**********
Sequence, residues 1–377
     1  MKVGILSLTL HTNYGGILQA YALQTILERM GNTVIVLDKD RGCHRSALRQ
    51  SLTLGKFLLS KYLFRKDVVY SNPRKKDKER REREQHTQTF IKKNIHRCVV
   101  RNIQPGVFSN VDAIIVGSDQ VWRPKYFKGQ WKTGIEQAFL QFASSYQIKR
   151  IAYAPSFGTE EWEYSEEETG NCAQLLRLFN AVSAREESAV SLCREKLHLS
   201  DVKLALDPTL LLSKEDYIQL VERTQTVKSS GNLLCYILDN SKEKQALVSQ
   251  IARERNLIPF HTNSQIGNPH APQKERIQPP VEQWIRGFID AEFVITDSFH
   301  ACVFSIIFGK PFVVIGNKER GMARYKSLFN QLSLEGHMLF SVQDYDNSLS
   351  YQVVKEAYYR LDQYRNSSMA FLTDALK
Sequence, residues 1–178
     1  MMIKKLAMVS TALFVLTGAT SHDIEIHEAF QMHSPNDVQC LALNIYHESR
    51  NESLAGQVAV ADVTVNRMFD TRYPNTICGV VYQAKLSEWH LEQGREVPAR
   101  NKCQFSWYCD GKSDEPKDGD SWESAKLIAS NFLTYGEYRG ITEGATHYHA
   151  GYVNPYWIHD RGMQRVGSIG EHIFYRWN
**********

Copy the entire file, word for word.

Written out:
Sequence, residues 1–377
     1  MKVGILSLTL HTNYGGILQA YALQTILERM GNTVIVLDKD RGCHRSALRQ
    51  SLTLGKFLLS KYLFRKDVVY SNPRKKDKER REREQHTQTF IKKNIHRCVV
   101  RNIQPGVFSN VDAIIVGSDQ VWRPKYFKGQ WKTGIEQAFL QFASSYQIKR
   151  IAYAPSFGTE EWEYSEEETG NCAQLLRLFN AVSAREESAV SLCREKLHLS
   201  DVKLALDPTL LLSKEDYIQL VERTQTVKSS GNLLCYILDN SKEKQALVSQ
   251  IARERNLIPF HTNSQIGNPH APQKERIQPP VEQWIRGFID AEFVITDSFH
   301  ACVFSIIFGK PFVVIGNKER GMARYKSLFN QLSLEGHMLF SVQDYDNSLS
   351  YQVVKEAYYR LDQYRNSSMA FLTDALK
Sequence, residues 1–178
     1  MMIKKLAMVS TALFVLTGAT SHDIEIHEAF QMHSPNDVQC LALNIYHESR
    51  NESLAGQVAV ADVTVNRMFD TRYPNTICGV VYQAKLSEWH LEQGREVPAR
   101  NKCQFSWYCD GKSDEPKDGD SWESAKLIAS NFLTYGEYRG ITEGATHYHA
   151  GYVNPYWIHD RGMQRVGSIG EHIFYRWN